Intimacy (2001) from Tuna

Intimacy has received a good deal of notoriety over the explicit and seemingly honest sexuality portrayed by stars Mark Rylance and Kerry Fox,  including an actual blowjob on camera. The film has won major festival awards, and has been hailed as a brilliant art film.

The plot is simple enough. Rylance is divorced with kids, and a former musician, who now works as head barman, and lives in a squalid cold water flat. Fox shows up each Wednesday, and, without so much as a "Hi, how are you?" the two rip each others clothes off and have frantic sex. One afternoon, after a particularly nice blow-job (which we see), Rylance decides to follow Fox, and learn something about her. Thus begins act two. Whereas act one is all sex, act two is all about his learning the details of her life. She is married with a son, acts in a Pub/Theater and teaches acting classes to amateurs. Rylance meets her husband (Timothy Spall in an excellent performance) and son, and all but tells the husband he is boning his wife. Fox finds out that Rylance now knows who she is, and breaks off the relationship. It seems she was up for a good shag every Wednesday, which gave spice to her life, and gave her something to look forward to, but didn't want any sort of relationship. Rylance clearly wanted a little intimacy along with his great sex.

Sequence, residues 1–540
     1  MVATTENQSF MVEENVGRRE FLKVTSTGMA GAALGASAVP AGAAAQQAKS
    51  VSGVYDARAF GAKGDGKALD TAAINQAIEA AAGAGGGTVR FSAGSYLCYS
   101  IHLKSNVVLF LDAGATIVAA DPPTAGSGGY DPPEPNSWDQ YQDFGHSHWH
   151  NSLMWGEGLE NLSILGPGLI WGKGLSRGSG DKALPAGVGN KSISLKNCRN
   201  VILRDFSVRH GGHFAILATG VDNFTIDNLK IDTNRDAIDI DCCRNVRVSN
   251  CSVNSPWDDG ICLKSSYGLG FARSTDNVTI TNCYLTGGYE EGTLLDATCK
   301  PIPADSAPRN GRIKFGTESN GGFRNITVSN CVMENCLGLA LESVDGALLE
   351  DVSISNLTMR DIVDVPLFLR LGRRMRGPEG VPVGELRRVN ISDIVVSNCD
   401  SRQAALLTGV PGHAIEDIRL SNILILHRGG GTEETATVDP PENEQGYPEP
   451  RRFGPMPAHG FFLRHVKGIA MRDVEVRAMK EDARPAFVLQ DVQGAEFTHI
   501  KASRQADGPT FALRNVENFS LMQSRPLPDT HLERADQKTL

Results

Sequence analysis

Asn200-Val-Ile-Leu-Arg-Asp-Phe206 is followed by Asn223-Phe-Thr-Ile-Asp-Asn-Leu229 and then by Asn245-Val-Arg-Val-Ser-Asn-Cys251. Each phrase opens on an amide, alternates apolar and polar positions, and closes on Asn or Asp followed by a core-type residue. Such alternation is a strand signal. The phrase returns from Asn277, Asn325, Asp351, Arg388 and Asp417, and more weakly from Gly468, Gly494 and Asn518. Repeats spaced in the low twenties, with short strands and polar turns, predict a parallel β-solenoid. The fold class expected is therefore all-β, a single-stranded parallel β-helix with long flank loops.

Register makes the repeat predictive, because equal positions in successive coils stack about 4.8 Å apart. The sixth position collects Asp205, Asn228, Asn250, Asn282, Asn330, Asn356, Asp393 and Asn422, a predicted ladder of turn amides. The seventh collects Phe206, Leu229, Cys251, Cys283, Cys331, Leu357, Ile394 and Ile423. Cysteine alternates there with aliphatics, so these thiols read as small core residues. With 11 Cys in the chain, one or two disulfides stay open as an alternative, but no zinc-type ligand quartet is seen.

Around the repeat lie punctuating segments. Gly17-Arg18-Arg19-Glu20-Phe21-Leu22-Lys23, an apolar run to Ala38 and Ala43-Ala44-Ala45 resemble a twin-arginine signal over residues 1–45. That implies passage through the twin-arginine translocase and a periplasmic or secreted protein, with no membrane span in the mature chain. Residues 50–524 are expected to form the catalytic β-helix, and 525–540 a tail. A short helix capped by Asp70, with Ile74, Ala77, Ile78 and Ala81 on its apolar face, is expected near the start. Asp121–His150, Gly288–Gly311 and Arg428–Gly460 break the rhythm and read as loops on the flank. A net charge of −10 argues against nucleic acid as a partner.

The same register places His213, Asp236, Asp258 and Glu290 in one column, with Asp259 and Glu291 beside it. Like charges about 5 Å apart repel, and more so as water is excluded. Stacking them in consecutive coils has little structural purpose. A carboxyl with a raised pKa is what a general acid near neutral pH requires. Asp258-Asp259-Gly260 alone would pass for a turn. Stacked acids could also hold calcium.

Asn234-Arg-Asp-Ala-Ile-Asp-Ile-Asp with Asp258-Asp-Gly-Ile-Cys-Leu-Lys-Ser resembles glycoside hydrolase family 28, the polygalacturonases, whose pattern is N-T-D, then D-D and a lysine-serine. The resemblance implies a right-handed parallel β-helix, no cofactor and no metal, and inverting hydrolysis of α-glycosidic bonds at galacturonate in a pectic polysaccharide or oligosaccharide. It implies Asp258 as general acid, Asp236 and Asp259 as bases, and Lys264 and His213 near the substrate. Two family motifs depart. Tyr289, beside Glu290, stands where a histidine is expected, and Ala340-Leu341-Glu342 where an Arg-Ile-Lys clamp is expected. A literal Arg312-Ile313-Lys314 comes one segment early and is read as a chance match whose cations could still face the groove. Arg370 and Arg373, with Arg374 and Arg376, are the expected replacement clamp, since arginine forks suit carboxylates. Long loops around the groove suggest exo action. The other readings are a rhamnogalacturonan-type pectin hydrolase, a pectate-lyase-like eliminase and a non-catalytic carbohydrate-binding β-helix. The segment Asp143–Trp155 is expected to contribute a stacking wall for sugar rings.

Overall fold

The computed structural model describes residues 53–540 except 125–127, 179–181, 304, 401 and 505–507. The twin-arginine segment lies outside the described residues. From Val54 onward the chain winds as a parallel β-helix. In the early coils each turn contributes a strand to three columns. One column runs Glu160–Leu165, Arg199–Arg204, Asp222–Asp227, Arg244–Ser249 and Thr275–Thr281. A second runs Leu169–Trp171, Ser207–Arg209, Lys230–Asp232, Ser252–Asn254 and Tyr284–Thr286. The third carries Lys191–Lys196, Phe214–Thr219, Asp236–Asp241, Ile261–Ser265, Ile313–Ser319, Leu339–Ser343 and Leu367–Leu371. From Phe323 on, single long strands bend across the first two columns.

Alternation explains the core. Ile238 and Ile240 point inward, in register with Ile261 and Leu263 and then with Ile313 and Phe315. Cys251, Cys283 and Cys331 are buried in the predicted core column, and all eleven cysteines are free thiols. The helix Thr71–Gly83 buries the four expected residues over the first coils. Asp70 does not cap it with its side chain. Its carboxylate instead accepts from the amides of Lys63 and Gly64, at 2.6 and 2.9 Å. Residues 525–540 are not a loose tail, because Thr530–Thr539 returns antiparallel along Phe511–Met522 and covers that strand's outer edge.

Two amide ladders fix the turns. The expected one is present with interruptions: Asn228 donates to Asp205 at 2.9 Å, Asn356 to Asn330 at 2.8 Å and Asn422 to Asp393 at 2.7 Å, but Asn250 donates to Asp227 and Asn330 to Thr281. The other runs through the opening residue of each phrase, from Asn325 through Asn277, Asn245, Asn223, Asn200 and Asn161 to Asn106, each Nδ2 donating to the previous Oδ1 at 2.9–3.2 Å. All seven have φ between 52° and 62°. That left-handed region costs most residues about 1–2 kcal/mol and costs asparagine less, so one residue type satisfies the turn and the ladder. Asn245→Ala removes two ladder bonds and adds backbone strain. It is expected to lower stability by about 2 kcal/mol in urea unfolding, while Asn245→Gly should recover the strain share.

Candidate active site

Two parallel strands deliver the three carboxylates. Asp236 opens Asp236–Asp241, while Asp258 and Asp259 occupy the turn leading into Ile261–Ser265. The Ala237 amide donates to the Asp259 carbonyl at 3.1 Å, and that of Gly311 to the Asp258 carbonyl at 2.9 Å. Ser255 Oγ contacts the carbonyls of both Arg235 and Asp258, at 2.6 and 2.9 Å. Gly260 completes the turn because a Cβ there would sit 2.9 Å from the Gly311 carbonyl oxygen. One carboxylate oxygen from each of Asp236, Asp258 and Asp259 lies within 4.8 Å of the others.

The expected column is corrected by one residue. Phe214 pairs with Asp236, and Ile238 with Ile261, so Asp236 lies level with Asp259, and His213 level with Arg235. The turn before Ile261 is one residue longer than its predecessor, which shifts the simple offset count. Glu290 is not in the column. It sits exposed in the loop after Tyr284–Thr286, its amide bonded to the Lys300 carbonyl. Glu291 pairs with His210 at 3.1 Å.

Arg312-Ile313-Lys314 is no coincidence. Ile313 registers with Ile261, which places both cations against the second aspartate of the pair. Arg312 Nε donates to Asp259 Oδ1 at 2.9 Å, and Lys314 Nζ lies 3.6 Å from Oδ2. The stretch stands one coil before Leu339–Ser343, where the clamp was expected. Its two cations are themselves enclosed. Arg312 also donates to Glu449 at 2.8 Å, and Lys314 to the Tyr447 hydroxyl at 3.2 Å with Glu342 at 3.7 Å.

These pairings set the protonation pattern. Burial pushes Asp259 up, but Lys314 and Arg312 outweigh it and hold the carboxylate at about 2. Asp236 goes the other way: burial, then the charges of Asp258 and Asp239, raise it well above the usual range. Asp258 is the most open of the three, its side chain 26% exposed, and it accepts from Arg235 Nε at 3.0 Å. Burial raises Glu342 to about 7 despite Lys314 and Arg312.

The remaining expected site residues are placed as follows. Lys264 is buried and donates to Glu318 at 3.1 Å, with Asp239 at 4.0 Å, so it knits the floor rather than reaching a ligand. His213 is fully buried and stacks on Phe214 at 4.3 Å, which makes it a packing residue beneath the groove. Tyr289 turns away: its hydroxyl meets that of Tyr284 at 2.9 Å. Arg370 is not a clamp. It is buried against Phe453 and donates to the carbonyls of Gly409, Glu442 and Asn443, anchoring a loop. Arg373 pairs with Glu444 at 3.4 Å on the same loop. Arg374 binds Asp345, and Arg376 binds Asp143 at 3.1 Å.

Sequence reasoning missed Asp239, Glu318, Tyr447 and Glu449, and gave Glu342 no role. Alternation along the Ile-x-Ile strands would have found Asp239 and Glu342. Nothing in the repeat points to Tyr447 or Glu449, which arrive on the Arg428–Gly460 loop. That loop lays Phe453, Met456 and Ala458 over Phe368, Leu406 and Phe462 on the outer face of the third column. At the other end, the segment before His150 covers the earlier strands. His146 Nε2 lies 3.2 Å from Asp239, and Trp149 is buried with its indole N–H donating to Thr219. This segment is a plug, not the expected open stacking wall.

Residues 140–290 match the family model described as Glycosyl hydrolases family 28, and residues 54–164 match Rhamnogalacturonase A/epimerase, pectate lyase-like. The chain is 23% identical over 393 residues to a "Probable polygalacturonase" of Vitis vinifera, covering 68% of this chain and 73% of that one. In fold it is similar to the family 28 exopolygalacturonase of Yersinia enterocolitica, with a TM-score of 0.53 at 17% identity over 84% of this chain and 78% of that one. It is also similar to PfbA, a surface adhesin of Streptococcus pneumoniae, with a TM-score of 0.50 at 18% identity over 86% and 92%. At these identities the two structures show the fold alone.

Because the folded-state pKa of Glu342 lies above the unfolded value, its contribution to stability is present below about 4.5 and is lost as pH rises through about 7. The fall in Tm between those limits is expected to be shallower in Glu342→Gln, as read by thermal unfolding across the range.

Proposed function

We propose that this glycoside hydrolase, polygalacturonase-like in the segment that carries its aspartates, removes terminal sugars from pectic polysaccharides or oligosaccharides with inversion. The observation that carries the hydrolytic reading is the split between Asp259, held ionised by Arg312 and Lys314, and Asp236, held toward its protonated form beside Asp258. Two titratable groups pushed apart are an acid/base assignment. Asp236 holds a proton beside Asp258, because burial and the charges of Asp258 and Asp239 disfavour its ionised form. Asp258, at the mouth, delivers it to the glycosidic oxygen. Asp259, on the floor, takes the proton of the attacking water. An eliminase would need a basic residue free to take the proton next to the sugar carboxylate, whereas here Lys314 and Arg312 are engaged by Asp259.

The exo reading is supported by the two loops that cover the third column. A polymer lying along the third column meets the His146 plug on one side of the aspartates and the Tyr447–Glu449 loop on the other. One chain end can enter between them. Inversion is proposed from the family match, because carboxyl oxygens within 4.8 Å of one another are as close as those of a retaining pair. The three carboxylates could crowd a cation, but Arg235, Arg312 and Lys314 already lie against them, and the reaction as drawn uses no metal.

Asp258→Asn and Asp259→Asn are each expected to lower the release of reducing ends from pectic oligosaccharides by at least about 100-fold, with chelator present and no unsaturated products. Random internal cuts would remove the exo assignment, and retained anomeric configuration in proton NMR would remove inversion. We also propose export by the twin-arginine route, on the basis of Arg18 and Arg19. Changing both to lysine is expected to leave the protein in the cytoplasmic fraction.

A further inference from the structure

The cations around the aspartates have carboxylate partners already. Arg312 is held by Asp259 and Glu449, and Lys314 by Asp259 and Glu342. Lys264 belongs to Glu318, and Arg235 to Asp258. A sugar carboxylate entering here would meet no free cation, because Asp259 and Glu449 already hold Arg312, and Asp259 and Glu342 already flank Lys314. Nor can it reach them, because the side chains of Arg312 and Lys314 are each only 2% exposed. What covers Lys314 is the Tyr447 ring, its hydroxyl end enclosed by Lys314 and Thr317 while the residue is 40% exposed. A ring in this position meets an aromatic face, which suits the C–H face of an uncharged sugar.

So, was this as hot and explicit as I was led to believe? Far more so. A blow-job, a hand-job, what I think is clear evidence of actual intercourse, and lots of erections, complete with condom.


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Rylance and Fox received kudos for their performances as being honest and convincing. I say they weren't acting at all, but were boning away, not that this is a bad thing. For lovers of celebrity nudity, in case there are any of you reading, this is birthday and Christmas rolled into one. Fox is naked through most of the first hour of the film, and shows every inch of her body, including a couple of gyno-cam shots. In addition, Rylance has a sexual encounter with a very talkative Rebecca Palmer, where she shows breasts, bush and buns. There is plenty of male nudity from Rylance as well. 

I am just a little puzzled as to why this hard core porno is an important art film. Reading reviews by critics may have answered the question, but not in a direct fashion. Roger Ebert found a theme where Rylance hated women because he was a latent homosexual. That is why he divorced his first wife, why he has what Ebert calls brutal sex with Fox, and why he doesn't want to talk to Fox. Interesting, but Fox wanted the anonymity, not Rylance, and even Ebert admits that there is no evidence for his claim in the film, but that he inferred it. Another critic sees the entire film as one of redemption for Rylance, who has hit bottom, and that the squalor of his flat is a metaphor for the mess his soul is in. And so it went... each critic found a new important theme. So why is this an important film, rather than a porno? Perhaps because it is confusing and muddled. It also helps, probably, that much of it is filmed with a shaky-cam, which we all know means either low budget or art film.